Osnes and Fontana, who were both Tony-nominated for their respective performances of Ella and Topher in Cinderella (which was also Tony-nominated for Best Revival of a Musical), are currently joined by Luker as Marie.
Luker stepped into the role of Cinderella's Fairy Godmother, Marie, the part created by Tony winner Victoria Clark, and will perform through Jan. 19, 2014. Clark is taking a temporary leave to star in Sharr White's The Snow Geese.
Cinderella has music by Rodgers, lyrics by Hammerstein II, a new book by Douglas Carter Beane and original book by Hammerstein II. The musical is directed by Mark Brokaw. Josh Rhodes is choreographer. Music adaptation, supervision and arrangements are by David Chase. Orchestrations are by Danny Troob. Andy Einhorn is music director and conductor.
Here, via email, the trio picks their five favorite songs by Rodgers & Hammerstein and tell us why they made the list.
For more information visit CinderellaOnBroadway.com.
Laura Osnes: "Some Enchanted Evening" (South Pacific). The lyrics of this song, about love at first sight, get me every time. In addition, having done South Pacific, this song will forever hold a special place in my heart.
Laura Osnes: "Wonderful Guy" (South Pacific). Likewise with this South Pacific song, I have gotten to sing it on numerous occasions, and I feel like I always find something new in it. The lyrics are clever, creative and remarkably descriptive of the whirl of emotions Nellie must be feeling!
Laura Osnes: "Do-Re-Mi" (The Sound of Music). This catchy, recognizable tune from The Sound of Music was a standard of my childhood. I mean, how else has anyone learned to sing the vocal scale?!
Laura Osnes: "Oh, What A Beautiful Mornin'" (Oklahoma!). I can't help but smile thinking about this song. The ease, the simplicity, the optimism. And, what a stunning way to open a musical... That beautiful, a-cappella voice cutting through the stillness of the Oklahoma prairie.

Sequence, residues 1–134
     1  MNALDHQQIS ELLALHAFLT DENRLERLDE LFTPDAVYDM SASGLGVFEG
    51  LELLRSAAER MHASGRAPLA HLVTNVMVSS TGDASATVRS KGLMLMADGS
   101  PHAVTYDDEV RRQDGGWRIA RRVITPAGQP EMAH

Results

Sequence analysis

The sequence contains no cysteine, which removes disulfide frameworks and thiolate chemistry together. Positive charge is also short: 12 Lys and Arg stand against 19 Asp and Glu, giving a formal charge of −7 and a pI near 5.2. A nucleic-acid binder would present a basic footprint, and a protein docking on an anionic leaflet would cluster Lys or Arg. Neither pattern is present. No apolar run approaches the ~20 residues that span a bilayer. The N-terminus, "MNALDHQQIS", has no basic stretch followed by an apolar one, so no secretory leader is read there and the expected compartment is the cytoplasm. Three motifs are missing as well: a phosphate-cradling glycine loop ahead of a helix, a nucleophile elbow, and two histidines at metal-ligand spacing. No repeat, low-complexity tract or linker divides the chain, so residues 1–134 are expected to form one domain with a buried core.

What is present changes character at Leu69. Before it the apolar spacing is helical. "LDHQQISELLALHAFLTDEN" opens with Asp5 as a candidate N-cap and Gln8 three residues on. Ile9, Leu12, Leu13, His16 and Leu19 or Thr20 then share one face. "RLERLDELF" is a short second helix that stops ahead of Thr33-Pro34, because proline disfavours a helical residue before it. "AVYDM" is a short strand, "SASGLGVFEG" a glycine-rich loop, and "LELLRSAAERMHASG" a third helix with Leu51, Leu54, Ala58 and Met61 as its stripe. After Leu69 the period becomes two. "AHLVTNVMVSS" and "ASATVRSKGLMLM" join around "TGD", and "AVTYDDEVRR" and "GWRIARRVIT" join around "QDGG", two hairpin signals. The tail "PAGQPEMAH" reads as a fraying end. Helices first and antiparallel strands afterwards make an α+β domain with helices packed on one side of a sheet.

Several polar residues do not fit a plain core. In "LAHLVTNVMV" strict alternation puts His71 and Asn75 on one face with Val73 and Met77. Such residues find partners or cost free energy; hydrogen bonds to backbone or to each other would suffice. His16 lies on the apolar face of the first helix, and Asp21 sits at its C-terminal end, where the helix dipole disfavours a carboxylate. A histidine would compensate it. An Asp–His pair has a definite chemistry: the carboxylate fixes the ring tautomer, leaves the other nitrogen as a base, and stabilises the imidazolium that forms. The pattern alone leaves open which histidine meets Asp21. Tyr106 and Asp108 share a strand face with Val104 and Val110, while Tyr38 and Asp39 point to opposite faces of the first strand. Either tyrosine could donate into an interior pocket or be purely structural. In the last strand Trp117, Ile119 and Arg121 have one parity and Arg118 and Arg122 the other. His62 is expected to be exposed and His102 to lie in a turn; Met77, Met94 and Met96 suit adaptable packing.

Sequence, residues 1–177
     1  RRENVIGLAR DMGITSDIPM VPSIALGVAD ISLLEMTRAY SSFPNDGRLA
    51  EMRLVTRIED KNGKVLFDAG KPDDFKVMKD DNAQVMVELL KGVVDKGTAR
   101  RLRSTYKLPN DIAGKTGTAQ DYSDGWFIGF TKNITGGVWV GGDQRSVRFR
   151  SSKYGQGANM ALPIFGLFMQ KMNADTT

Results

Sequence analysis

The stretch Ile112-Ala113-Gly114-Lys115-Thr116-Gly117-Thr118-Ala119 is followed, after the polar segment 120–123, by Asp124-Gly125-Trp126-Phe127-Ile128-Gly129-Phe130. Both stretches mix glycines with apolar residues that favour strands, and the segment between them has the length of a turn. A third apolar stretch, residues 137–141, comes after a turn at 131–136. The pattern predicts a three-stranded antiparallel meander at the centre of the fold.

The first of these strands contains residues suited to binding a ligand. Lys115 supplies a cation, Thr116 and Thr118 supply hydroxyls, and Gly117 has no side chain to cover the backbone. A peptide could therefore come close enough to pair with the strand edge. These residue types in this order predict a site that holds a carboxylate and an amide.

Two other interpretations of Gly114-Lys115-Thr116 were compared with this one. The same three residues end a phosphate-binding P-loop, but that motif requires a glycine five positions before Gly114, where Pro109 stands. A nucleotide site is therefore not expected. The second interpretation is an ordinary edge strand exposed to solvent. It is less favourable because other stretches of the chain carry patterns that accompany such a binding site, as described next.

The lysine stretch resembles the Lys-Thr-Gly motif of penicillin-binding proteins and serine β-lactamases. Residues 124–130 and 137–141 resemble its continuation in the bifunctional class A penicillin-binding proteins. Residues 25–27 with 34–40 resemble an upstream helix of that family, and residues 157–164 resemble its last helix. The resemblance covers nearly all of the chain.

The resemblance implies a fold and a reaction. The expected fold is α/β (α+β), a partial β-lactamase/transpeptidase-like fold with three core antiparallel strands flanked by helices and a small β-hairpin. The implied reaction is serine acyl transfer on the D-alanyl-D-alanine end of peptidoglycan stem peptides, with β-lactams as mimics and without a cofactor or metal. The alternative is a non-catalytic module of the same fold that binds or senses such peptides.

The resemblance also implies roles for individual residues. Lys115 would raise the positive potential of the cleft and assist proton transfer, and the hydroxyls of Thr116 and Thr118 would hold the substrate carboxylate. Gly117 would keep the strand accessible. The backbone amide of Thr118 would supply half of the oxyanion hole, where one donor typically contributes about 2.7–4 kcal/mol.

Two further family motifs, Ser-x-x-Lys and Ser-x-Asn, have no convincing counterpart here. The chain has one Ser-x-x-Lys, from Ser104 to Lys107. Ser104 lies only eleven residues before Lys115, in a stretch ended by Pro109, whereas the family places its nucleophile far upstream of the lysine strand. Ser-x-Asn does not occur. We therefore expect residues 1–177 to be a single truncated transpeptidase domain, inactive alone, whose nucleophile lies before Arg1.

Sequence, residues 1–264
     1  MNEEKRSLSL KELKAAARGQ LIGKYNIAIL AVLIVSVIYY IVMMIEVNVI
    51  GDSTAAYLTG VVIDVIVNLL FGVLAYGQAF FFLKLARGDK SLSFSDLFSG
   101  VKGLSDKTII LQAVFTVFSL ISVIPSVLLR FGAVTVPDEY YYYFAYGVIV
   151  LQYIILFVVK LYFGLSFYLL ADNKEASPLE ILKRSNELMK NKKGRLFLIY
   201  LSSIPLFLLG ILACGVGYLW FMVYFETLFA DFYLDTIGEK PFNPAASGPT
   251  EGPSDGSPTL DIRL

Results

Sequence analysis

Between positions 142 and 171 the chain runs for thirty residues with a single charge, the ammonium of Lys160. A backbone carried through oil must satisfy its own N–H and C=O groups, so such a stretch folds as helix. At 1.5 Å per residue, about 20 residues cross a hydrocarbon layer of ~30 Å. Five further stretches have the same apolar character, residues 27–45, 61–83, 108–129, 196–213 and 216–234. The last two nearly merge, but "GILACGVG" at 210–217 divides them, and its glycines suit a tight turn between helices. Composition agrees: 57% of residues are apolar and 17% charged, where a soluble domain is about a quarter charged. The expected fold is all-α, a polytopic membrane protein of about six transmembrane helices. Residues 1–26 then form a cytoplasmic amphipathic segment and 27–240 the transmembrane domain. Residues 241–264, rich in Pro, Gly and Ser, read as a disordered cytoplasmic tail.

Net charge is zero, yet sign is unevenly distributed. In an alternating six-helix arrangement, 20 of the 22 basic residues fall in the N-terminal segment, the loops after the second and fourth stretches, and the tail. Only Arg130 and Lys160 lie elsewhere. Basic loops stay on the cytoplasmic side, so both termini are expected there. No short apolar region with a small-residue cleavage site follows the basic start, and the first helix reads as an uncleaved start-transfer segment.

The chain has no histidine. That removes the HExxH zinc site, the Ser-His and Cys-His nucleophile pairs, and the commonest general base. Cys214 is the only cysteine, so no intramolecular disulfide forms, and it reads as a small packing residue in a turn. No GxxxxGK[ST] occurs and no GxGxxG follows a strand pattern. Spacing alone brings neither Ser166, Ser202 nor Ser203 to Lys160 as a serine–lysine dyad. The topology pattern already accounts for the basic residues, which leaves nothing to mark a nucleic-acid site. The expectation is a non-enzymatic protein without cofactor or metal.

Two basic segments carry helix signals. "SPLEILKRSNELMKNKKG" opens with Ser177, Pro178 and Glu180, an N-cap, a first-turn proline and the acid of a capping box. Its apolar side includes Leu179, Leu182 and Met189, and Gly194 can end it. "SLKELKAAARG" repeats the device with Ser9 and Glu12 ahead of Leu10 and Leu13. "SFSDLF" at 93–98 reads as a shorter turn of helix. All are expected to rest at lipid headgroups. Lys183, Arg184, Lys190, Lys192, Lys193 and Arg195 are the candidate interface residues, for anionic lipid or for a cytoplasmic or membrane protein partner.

Laura Osnes: "Ten Minutes Ago" (Cinderella). Okay, I'm a sucker for love songs! Rodgers & Hammerstein have written some of the most beautiful ones, and this is at the top of my list... "I have found her, she's an angel with the dust of the stars in her eyes." I mean, c'mon!
Rebecca Luker: "It Might as Well Be Spring" (State Fair). Here's the perfect marriage of music and lyrics. I love the slightly melancholy nature of this beautiful song, mixed with the clever descriptions of spring. The lyric "But I feel so gay in a melancholy way, that it might as well be spring" pretty much sums it up.
Rebecca Luker: "Something Wonderful" (The King and I). This song, sung by Lady Thiang in the show is the most gorgeous ballad. It's not as well known as say "Hello Young Lovers," another beautiful song from The King and I, but it's full of emotion. The lyrics could be about any man that any woman loves, but Lady Thiang just happens to be singing about the King of Siam. As the song says, it's "something wonderful."
Rebecca Luker: "The Gentleman is a Dope" (Allegro). I think this is a rare song for Rodgers & Hammerstein. It's bluesy and jazzy. I'm drawn to this colorful character — this down-on-her-luck gal, who's in love with a man who's not available. She loves him, and she hates him. My favorite lyric from the song: "The gentleman isn't bright. He doesn't know the score. A cake will come, he'll take a crumb and never ask for more." Fantastic!
Rebecca Luker: "What's the Use of Wond'rin'" (Carousel). The story of Julie Jordan and Billy Bigelow just makes me weep. It's an epic tragedy. You see Julie going down the wrong path; falling in love with a man who beats her. I'm torn about this show because it could be seen as condoning wife-beating. But I think, instead, Rodgers & Hammerstein were simply delving into the psyche of this lonely, delicate, yet fiercely loyal woman. Here's how Julie puts it: "What's the use of wond'rin' if the ending will be sad? He's your fella and you love him. There's nothin' more to say."
Rebecca Luker: "The Hills Are Alive" (The Sound of Music). I got to sing this on Broadway every night in the revival of The Sound Of Music. I'd run down a ramp and twirl around just like Julie Andrews in the Alps. It was wonderful and a little scary to sing this very famous song.
Santino Fontana: "Oh, What a Beautiful Mornin'" (Ray Charles version). …Because he sounds incredible, and I love that arrangement.
Santino Fontana: "Soliloquy" (Carousel). John Raitt singing "Soliloquy" [is] pretty epic and awesome.
Santino Fontana: "If I Loved You" (Carousel). Any recording.